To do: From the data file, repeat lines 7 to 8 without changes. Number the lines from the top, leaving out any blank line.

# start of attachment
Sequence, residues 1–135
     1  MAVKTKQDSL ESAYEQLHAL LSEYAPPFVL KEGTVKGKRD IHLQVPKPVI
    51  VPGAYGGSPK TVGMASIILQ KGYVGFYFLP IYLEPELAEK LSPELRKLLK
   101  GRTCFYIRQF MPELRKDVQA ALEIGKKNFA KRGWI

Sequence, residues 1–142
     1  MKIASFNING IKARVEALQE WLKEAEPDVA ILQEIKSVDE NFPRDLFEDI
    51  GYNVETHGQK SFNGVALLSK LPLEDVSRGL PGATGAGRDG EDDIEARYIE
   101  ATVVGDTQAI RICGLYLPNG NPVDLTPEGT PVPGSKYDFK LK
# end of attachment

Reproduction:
    51  GYNVETHGQK SFNGVALLSK LPLEDVSRGL PGATGAGRDG EDDIEARYIE
   101  ATVVGDTQAI RICGLYLPNG NPVDLTPEGT PVPGSKYDFK LK